09/30/2010

WVUH named ‘Best Workplace for Men’ in Nursing

MORGANTOWN, W.Va. – The American Assembly for Men in Nursing (AAMN) recently named West Virginia University Hospitals as the recipient of its 2010 Best Workplace for Men in Nursing Award.

The award recognizes employers that have implemented significant efforts in recruiting and retaining men in a workplace culture supportive of men at all levels of nursing practice. According to the AAMN, WVUH “showed a proven record of diversity in the workforce and a superior dedication to men in nursing.”

Currently, there are 1,162 nurses employed at WVUH, and of those, 10.8 percent nurses are men. In addition, 32 percent of the nursing management and administration roles at WVUH are held by men. “Men contribute and compliment the nursing workforce,” Dottie Oakes, WVUH vice president and chief nurse executive, said. “We welcome the diversity and value their professionalism.”

To be considered for the award, WVUH submitted a portfolio detailing its efforts in meeting the needs of men in nursing. Examples of efforts included recruitment materials, career fairs, public relations events, historical evidence demonstrating an increase in the number of men in nursing at WVUH, orientation and continuing education materials that are gender neutral as related to nursing professionals, and evidence of involvement of men in nursing in organizational committees effecting nursing practice.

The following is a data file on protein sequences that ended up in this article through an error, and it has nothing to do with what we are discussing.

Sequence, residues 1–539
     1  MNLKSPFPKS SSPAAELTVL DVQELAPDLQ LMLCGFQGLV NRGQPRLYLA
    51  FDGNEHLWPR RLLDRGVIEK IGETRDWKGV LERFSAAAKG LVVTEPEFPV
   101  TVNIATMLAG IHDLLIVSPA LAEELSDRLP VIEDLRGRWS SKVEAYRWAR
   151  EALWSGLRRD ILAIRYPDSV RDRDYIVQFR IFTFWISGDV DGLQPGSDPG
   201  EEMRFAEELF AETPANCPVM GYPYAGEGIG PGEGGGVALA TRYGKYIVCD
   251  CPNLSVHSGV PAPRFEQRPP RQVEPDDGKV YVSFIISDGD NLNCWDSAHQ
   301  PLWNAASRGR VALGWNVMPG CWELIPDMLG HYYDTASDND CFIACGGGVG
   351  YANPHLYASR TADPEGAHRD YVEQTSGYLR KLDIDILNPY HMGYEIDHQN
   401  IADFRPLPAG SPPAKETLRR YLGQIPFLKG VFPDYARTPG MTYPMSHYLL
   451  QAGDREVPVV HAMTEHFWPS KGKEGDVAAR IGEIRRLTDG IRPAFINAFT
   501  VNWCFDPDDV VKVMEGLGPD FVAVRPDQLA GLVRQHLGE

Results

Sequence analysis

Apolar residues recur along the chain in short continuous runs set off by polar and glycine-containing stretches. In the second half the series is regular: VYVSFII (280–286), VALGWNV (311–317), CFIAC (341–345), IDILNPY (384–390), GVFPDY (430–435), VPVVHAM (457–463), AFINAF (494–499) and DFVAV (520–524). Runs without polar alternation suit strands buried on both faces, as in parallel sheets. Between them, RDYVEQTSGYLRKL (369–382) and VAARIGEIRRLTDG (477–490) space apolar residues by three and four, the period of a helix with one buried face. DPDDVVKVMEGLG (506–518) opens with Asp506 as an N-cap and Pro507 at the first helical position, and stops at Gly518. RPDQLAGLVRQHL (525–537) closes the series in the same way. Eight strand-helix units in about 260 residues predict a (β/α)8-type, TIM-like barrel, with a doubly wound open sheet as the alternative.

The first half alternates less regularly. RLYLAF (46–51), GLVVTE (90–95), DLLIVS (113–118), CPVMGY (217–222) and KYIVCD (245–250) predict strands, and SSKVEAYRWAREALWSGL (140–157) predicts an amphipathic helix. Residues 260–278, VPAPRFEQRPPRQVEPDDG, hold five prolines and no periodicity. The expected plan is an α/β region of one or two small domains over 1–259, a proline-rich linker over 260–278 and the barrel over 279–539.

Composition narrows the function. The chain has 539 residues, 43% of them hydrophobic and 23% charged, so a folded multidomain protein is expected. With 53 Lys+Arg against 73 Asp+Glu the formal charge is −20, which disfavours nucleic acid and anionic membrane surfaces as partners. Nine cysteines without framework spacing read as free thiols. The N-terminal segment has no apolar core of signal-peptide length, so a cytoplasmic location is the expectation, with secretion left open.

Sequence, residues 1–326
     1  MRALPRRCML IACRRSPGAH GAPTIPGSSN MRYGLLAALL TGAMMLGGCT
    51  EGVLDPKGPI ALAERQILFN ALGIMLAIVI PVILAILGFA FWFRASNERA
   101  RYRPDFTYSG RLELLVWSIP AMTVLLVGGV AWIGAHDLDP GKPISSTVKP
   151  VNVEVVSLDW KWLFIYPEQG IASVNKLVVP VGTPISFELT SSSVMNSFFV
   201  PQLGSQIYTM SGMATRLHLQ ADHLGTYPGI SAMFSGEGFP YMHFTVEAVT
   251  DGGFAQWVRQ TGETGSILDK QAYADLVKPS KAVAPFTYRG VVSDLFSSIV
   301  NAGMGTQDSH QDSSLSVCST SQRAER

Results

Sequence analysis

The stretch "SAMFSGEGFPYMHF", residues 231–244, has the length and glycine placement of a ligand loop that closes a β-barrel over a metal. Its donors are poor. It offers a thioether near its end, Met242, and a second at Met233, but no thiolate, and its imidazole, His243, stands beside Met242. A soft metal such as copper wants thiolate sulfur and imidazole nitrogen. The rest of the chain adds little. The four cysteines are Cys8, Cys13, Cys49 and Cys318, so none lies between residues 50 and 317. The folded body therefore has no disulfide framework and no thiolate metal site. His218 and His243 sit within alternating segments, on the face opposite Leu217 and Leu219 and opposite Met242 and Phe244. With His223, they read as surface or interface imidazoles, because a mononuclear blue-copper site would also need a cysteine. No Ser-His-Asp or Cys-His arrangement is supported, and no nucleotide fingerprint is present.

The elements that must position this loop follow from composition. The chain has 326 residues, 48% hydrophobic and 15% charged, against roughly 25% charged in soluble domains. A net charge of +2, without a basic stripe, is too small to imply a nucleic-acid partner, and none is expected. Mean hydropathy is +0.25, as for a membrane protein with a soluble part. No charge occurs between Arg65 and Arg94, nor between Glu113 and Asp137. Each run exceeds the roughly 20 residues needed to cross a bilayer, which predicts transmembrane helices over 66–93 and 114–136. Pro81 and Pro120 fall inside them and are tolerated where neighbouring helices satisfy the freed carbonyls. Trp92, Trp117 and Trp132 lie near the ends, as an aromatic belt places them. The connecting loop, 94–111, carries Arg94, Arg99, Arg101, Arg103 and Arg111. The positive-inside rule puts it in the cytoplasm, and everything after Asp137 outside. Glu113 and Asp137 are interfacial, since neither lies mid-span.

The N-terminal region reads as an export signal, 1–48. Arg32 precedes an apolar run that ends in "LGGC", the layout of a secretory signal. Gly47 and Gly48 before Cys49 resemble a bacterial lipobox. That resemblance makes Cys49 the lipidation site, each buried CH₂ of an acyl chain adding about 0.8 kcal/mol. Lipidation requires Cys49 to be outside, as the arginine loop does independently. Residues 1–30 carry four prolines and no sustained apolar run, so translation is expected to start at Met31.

Jay Bowers, R.N., clinical educator in the operating room, has been at WVUH since 1991 when he graduated from the WVU School of Nursing. “I went in to nursing so that I could help others and hopefully help them live a fuller life,” he said.

For Jay Sherman, R.N., neurology staff nurse, the decision to seek employment at WVUH was simple. “WVUH is the best hospital in the state,” he said. “I've worked in many different jobs and can definitely say that the type of people who work here are the best people I've ever worked with. I think meeting new people and having so many face-to-face interactions on a weekly basis is very good for my emotional well being. Furthermore, I like being in a position to make such an important positive difference in so many people's lives.”

The award was presented at the AAMN annual conference at Duke University in Durham, N.C., in September.
 

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For more information:
Angela Jones, HSC News Service, 304-293-7087
jonesan@wvuh.com
asj: 09-29-10

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